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SYNOPSIS: A horror-thriller centered on the last two employees at a haunted hotel that’s going out of business. REVIEW: This was showing as part of the Incredibly Strange film festival (incrediblystrange.co.nz), which is an offshoot of the main New Zealand Film Festival. I noticed it was scheduled for a 10.45pm showing, in one of the smaller, quieter and artier cinemas. A perfect setting in which to get back to basics and enjoy a good old-fashioned … Continue reading

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Book Review: Possessed: Spine Tingling Tales from Ten Masters of Horror – Editor Nate Kenyon

Possessed

POSSESSED: SPINE TINGLING TALES The great advantage of the short story is that you can do one in a single sitting. A little shot of pure horror, down in one. None of this laboriously wading through another chapter every night only to discover that the monster was killed and good prevailed. And if you don’t like one author, then like a good bus service, another one will be along in a minute. This collection has … Continue reading

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Book Review: Wondrous Strange – Author Robin Spriggs

Spriggs

WONDROUS STRANGE I’m ashamed to admit that I wasn’t aware of this author until perusing this year’s Bram Stoker nominations. It was an Alice in Wonderland moment. I say this because a short while later, I found myself immersed in the wondrously strange land of Robin Sprigg’s writing. And I’m kicking myself for not having discovered him sooner. As a conjuror of uncanny tales, he’s a suitably enigmatic character. Yet it’s possible to gather a … Continue reading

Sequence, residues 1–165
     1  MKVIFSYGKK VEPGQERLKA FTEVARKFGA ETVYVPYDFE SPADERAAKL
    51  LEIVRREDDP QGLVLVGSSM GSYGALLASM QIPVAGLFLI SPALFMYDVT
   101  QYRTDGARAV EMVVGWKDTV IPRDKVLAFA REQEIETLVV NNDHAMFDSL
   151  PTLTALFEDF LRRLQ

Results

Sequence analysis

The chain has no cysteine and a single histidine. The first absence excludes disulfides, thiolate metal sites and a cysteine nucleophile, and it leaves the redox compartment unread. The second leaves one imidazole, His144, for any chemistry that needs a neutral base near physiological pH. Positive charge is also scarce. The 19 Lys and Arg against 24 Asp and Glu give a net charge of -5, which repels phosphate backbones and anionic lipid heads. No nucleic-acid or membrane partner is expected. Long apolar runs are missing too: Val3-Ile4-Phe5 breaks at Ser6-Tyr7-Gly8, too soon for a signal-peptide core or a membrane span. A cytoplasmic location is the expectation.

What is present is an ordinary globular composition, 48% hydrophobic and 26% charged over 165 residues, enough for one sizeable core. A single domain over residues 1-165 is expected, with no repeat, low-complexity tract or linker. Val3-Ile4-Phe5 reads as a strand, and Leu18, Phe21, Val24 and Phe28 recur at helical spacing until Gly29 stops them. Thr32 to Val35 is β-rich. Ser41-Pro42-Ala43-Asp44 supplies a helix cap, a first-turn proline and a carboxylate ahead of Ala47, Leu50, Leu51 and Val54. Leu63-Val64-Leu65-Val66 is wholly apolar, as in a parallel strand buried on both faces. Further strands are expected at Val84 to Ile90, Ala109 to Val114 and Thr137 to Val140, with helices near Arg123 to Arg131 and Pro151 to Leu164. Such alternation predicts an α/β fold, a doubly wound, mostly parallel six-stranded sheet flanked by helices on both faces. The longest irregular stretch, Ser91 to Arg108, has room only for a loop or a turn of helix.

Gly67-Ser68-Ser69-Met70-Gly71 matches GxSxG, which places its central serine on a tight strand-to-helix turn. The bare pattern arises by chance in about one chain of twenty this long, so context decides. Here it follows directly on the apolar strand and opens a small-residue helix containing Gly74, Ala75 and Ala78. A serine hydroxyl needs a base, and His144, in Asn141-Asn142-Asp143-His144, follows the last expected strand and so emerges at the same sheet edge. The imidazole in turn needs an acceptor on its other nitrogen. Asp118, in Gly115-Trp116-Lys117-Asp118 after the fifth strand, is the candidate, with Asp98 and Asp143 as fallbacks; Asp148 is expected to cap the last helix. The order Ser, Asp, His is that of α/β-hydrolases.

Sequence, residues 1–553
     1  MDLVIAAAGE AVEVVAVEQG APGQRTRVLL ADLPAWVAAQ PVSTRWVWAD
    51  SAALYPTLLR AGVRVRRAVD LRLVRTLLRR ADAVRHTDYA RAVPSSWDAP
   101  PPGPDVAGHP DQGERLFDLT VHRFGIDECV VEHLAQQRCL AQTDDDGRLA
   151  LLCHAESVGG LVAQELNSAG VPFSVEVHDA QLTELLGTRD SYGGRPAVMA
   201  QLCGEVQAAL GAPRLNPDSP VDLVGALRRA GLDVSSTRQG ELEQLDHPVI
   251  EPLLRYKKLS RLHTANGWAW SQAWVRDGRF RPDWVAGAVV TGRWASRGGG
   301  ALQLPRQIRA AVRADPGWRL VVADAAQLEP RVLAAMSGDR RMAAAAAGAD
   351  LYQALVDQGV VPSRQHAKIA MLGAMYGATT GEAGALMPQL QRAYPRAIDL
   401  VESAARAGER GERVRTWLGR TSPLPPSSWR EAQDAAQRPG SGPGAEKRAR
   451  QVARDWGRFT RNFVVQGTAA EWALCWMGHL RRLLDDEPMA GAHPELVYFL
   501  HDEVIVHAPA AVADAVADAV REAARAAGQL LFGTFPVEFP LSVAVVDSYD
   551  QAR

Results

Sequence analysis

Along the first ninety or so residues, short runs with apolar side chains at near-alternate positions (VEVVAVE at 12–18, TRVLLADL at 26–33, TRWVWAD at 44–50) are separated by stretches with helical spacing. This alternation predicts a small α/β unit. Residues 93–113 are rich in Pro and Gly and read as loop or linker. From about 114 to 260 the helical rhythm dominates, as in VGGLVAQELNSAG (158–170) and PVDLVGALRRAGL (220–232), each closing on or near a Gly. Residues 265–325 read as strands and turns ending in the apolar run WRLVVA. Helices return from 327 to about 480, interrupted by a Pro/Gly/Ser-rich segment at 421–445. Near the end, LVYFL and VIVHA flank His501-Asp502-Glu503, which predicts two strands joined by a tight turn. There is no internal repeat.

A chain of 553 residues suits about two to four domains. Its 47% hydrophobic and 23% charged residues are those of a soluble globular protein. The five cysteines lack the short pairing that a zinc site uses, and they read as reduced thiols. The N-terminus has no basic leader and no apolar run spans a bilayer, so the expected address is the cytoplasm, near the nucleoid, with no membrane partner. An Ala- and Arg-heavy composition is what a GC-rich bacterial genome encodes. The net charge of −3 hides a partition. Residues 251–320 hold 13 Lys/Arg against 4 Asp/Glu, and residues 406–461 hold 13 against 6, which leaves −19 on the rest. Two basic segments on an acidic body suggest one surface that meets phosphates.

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Interview: Filmmaker Robert Morgan (Bobby Yeah)

BobbyYeah

“One of the most visionary filmmakers working today. Imagine a fusion between the sensibilities of Salvador Dali, David Cronenberg, Ingmar Bergman, Tim Burton and the Quay Brothers, and you’ll have a partial idea of the sheer brilliance of this man’s work.” Mitch Davis, Rue Morgue Magazine. As the above quote suggests, Robert Morgan is one of those rare filmmakers that you know are destined for greatness. Though his groaning awards cabinet would suggest that he’s … Continue reading

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Book Review: Asylum Lake – Author R A Evans

Asylum-Lake

ASYLUM LAKE I could be wrong (it’s usually the case), but I believe this is the author’s debut novel. It certainly bodes well for the future. Asylum Lake is a good old-fashioned horror novel – accessible, creepy and eminently readable. It tells of a writer, Brady Tanner, returning to his home-town of Bedlam Falls. (Bedlam, in case you don’t know, was a notorious Victorian asylum in England, wherein the mentally ill were abused and put … Continue reading

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Book Review: Little Hands Clapping – Author Dan Rhodes